Canvas is great don’t get me wrong, but have you ever designed something on your own and from complete scratch? I thought it would be too difficult, I thought I wouldn’t have enough creative juices in my body to completely make a resume on my own, until I started using Adobe Illustrator.
I used to use Canvas for every graphic I’ve ever made, for the resume I sent to future employers, and for all of my Instagram stories. It is such a user-friendly website with hundreds of thousands of template design, I never thought to try anything different.
When I downloaded Adobe Illustrator I was honestly terrified. I like to think of myself as a creative person, but coming up with designs and where to put the tiniest details on documents stressed me out.
When I began my journey into the unknown, I started where any person starting out with a project goes- YouTube. I watched many YouTube tutorials on how to do all the simple tasks from adding text to changing backgrounds to adding fonts. Once I began to figure out the tools on the left-hand side, I felt ready to take on my first task, my resume.
Throughout my college career I’ve gone through many resumes; a boring standard one I created when I didn’t know what major I wanted to do, a template I found on Google when I realized I wanted to go into Public Relations, and then a template on Canvas which seemed fun.
Although none of these resumes were wrong and all showcased my skills, none were 100% me. I wasn’t happy with any of them so much that I wanted to show off my resume. It took me several different tries to get my favorite on Illustrator, but I eventually created one that screamed “Kacie Hines, ready for a PR job”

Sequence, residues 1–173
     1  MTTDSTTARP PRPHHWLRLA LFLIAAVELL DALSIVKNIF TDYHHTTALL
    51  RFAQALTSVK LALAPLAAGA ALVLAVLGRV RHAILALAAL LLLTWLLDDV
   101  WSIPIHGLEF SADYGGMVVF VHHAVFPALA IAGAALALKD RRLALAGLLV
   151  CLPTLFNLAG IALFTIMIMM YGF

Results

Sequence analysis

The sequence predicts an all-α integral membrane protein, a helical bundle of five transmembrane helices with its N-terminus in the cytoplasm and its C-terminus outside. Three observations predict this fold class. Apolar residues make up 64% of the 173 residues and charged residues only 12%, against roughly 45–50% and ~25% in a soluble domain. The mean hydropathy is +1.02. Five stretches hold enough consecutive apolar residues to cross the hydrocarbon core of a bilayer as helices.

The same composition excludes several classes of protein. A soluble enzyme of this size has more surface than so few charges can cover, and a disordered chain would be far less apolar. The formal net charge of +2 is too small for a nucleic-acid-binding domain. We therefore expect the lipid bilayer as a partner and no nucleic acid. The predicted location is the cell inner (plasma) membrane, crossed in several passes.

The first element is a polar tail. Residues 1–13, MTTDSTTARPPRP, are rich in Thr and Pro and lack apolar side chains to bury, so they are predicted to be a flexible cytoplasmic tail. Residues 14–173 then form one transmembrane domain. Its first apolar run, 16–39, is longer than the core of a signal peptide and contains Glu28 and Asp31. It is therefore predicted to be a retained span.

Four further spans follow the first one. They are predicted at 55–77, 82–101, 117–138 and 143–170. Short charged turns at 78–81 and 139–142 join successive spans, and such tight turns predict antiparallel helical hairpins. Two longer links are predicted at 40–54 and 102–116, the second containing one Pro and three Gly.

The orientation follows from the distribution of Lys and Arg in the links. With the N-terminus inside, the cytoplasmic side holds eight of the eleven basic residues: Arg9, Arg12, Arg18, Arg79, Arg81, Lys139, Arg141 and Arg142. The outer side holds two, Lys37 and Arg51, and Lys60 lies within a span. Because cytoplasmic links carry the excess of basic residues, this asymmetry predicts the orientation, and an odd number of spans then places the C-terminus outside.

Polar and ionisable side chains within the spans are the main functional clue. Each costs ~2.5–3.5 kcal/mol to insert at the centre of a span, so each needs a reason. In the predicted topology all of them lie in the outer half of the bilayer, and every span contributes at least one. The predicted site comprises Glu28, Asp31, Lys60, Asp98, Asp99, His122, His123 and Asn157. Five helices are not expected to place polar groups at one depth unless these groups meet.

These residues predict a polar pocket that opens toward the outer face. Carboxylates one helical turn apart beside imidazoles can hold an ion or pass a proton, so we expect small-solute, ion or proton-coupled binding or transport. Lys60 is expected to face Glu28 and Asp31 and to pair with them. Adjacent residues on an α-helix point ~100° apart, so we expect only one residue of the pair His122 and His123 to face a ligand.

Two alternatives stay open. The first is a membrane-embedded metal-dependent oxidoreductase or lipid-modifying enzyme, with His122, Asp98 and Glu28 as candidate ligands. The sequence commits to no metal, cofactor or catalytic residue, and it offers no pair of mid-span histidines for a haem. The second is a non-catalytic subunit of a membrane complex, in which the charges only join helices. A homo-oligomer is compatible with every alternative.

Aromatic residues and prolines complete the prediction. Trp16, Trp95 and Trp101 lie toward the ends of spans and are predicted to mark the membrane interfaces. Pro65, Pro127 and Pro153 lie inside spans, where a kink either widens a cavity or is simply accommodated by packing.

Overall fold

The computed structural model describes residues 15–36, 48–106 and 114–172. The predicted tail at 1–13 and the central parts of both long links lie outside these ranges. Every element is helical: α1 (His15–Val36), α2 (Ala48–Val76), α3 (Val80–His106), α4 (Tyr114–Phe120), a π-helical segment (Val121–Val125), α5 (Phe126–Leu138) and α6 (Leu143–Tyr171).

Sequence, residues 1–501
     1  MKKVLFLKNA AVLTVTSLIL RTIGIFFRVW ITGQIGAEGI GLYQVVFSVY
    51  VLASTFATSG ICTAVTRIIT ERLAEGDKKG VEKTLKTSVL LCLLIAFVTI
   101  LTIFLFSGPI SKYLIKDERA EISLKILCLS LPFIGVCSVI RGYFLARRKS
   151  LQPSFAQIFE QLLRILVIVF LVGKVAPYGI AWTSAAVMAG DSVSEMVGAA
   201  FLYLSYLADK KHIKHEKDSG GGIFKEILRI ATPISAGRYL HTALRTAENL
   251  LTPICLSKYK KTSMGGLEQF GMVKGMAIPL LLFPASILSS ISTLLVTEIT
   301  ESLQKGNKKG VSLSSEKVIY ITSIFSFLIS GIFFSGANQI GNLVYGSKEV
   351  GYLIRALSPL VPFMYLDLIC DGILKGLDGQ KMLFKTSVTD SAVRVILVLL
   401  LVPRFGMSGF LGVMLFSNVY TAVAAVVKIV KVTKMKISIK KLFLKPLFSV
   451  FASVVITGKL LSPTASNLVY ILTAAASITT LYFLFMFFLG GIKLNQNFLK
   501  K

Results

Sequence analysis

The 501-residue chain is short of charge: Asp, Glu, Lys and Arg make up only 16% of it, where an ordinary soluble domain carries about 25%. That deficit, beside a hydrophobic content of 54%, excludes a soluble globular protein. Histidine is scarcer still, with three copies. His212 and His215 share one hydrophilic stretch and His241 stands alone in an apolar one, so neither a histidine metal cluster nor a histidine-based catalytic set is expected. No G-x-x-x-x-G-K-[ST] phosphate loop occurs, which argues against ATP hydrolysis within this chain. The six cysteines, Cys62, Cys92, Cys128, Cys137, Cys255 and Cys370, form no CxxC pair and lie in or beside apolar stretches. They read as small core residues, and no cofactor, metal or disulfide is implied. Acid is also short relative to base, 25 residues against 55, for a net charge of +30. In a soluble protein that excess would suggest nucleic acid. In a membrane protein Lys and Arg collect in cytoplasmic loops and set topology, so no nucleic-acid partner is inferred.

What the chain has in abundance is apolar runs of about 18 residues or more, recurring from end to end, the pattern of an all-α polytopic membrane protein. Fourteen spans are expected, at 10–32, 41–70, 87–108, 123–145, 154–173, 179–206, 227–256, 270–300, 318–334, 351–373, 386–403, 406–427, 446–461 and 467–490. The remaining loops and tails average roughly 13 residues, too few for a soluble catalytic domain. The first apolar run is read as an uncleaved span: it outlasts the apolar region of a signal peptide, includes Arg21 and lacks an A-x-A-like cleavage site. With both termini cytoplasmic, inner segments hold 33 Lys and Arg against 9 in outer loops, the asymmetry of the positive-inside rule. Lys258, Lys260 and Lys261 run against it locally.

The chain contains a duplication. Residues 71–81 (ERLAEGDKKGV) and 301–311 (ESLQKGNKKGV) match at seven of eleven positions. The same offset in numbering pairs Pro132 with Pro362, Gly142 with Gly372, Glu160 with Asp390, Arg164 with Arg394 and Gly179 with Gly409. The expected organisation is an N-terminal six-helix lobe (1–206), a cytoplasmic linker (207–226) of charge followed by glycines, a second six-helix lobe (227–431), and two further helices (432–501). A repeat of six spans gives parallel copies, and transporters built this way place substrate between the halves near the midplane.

My favorite tool to use while creating my resume was the rectangle tool. This feature has five settings for shapes; rectangle, founded rectangle, ellipse, polygon, and star. All of these shapes could be conformed to make any shape with editing from the user.
When making my resume I knew I wanted separate sections for the ‘fluff’ information like my social channels, etc. and then another section for my actual work experience. The rectangle tool made it so easy to be able to create these different sections by adding a rectangle to the left of my document and having a larger space for my experience.
I also knew I wanted there to be little things that made my resume stand out, one being the diagonal at the top of my resume. I made the shape using the rectangle tool and making a triangle and cutting the edge of it off of the paper.
Another reason I loved the tool, was being able to create different shapes for my phone number, email, address, Instagram handle, and Linkedin user. I used the rectangle tool, as well as line tools to create all of the logos in the left section of my resume.
Overall, when given the opportunity to have full control of a document that stands between me and my future, it made me feel a lot more confident. Once I stopped letting fear guide me toward all the templates, I fell in love with the program and the different things you can do with it.
If you have the time to learn Adobe Illustrator, I would highly recommend it. I don’t think I’ll be going back to template designs anytime soon.